Purchasing Manager Job Description Template

A purchasing manager reviewing buying decisions with a colleague.

Improved automation may mean that you don’t need to hire as many purchasing agents and managers as industries and institutions did in the past. However, this decline in demand only places more pressure on your hiring process for a purchasing manager, since this management position has only become more complex as the options for purchasing and the technology used to track those options have become more sophisticated.

Today’s purchasing managers must be agile and strategic. Gone are the days when companies could forge a relationship with a few local vendors and simply maintain those partnerships for decades. Today’s supplier landscape is global and fast-moving, so your vendor relationships need to keep up with new trends and opportunities. A lot is riding on your purchasing manager job description.

The description template below should help you craft a job post that attracts candidates who will optimize your company’s purchasing strategy. For more ideas about how to craft your job post to attract the best candidates, browse Monster’s purchasing manager job listings.

A purchasing manager reviewing buying decisions with a colleague.

Purchasing Manager

[Intro Paragraph] Begin your purchasing manager job description with a concise paragraph or list of bulleted items designed to sell your company, agency, or institution to applicants. You might mention how crucial purchasing is to your company’s success and how central this role is within your workplace. Purchasing managers often work long hours; so, if your company values work-life balance, be sure to mention this in your post.

Purchasing Manager Job Responsibilities:

  • Develops a purchasing strategy.
  • Reviews and processes purchase orders.
  • Manages other members of the purchasing team.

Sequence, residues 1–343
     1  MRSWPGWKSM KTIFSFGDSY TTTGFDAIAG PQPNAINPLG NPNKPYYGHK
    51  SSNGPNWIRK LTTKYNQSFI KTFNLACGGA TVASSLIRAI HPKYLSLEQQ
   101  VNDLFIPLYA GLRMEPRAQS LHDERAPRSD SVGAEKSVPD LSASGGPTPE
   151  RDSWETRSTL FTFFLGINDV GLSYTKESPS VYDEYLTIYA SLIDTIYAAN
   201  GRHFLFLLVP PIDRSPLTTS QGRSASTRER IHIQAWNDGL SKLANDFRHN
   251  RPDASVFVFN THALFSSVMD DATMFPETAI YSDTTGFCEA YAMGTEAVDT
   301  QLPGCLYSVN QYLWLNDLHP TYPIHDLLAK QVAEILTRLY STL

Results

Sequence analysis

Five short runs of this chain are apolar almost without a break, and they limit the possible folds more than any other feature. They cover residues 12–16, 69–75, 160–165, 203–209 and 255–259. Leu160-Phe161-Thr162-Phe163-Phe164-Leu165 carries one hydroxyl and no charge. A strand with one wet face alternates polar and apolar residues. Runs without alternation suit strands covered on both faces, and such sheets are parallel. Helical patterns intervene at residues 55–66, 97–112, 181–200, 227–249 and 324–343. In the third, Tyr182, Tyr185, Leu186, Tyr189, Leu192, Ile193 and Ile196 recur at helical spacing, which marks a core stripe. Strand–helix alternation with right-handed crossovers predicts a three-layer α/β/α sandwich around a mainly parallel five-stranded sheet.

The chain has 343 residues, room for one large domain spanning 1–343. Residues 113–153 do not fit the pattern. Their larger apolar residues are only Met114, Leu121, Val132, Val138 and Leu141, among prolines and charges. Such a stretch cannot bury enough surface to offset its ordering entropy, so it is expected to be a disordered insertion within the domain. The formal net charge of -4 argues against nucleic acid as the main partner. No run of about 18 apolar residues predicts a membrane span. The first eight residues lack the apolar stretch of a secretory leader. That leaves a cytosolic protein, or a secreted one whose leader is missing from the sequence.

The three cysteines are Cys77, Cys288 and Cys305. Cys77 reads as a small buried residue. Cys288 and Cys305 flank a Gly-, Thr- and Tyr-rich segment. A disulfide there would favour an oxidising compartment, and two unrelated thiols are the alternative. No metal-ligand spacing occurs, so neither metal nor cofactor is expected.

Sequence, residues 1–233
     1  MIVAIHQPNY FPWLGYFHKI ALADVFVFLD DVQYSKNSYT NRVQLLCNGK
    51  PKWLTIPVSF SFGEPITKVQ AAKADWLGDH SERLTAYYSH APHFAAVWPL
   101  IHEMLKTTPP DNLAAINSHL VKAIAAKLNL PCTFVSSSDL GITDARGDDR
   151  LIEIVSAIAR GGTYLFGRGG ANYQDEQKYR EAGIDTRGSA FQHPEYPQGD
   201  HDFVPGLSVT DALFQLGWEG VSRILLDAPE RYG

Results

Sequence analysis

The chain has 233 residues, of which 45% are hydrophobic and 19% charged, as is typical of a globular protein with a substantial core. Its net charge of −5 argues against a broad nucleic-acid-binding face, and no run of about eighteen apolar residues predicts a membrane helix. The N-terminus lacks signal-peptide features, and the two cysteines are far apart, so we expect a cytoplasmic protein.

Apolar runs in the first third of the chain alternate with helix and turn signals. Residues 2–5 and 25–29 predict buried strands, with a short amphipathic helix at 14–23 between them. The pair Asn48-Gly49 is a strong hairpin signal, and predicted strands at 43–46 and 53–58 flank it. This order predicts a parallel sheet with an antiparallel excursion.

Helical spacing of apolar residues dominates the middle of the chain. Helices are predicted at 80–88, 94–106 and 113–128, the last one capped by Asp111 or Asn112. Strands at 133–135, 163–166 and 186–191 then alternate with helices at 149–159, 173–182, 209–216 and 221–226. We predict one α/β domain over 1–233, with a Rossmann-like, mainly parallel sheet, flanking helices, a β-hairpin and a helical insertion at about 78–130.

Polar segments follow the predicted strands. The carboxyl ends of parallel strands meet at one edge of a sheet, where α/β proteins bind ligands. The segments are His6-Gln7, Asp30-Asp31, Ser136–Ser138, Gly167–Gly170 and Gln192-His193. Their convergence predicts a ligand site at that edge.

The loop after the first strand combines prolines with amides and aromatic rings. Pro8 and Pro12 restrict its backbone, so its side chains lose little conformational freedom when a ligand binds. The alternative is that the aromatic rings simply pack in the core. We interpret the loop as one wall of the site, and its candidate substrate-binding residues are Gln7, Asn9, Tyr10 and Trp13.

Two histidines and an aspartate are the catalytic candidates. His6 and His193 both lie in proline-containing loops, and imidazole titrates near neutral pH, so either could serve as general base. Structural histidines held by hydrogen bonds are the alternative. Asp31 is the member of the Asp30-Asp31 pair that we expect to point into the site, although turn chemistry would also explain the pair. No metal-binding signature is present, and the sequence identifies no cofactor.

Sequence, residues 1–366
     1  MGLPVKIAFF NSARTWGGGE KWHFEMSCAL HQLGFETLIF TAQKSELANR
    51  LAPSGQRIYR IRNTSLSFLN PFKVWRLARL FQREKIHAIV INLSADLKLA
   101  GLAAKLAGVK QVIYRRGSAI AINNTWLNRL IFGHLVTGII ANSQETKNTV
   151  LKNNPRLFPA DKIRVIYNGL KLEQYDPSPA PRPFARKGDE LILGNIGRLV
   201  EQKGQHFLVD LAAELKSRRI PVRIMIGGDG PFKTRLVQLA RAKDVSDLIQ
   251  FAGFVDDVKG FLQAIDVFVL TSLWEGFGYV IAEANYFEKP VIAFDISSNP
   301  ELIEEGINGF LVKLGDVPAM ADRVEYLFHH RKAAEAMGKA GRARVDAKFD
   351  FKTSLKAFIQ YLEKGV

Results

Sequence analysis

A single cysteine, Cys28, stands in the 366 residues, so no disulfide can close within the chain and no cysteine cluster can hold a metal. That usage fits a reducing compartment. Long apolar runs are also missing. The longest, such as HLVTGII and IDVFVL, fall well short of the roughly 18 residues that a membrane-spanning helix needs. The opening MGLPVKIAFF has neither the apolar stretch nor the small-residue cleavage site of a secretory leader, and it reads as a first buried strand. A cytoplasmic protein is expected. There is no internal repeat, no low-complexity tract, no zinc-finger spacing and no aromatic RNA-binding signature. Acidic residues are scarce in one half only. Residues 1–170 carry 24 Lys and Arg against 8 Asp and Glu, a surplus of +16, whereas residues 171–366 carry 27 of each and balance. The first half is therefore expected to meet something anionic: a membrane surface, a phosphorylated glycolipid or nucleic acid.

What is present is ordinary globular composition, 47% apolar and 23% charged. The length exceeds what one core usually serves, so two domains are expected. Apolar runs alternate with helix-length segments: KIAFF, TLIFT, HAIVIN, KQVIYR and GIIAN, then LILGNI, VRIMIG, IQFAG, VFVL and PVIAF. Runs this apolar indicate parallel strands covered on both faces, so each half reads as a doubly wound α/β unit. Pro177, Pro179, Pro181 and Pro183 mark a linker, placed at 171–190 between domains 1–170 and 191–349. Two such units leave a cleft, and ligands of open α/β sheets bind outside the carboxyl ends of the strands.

• Maintains records of goods ordered and received.
  • Negotiates prices and contracts with suppliers.
  • Builds and maintains relationships with vendors.
  • Selects prospective vendors and negotiates contracts.
  • Evaluates vendors based on quality, timeliness, and price.
  • Schedules deliveries and ensures timely fulfillment of orders.
  • Researches and evaluates vendors to compare pricing and services.
  • Coordinates with fellow managers to monitor inventory and determine supply needs.
  • Ensures quality of procured items and addresses problems when they arise.
  • Keeps up with trends in procurement.
  • Travels to vendor locations.
  • Stays current with purchasing technology trends and oversees purchase and implementation, as necessary.

[Work Hours & Benefits] In this section you’ll want to sell the position to potential applicants just as you sold candidates on the workplace in your first paragraph. Include the size of the staff the purchasing manager will oversee. Mention benefits, including medical benefits, 401(k), or paid vacation, as well as salary range. You can use a salary tool that allows you to input job title and location to determine what level of compensation purchasing managers are likely to expect from an offer in your community or region.

Purchasing Manager Qualifications/Skills:

  • Excellent organizational skills.
  • Effective communication skills.
  • Negotiation skills.
  • Research and analytical skills.
  • Interpersonal skills.
  • Attention to detail.

Education, Experience, & Licensing Requirements:

  • Bachelor’s degree.
  • Degree in supply chain management, logistics, or business administration preferred.
  • 2-3 years’ experience as a purchasing manager or agent.
  • Experience using procurement software and databases.
  • Supervisory experience.

[Call to Action] Your job description should finish strong with a call to action that urges applicants to send a resume or fill out an online application.

Leverage Your Newly Crafted Purchasing Manager Job Description with a Free Job Post

If you’re on the market for a new purchasing manager, a free job listing from Monster can help you find the quality candidate you’re looking for to oversee this crucial aspect of your business, agency, or institution.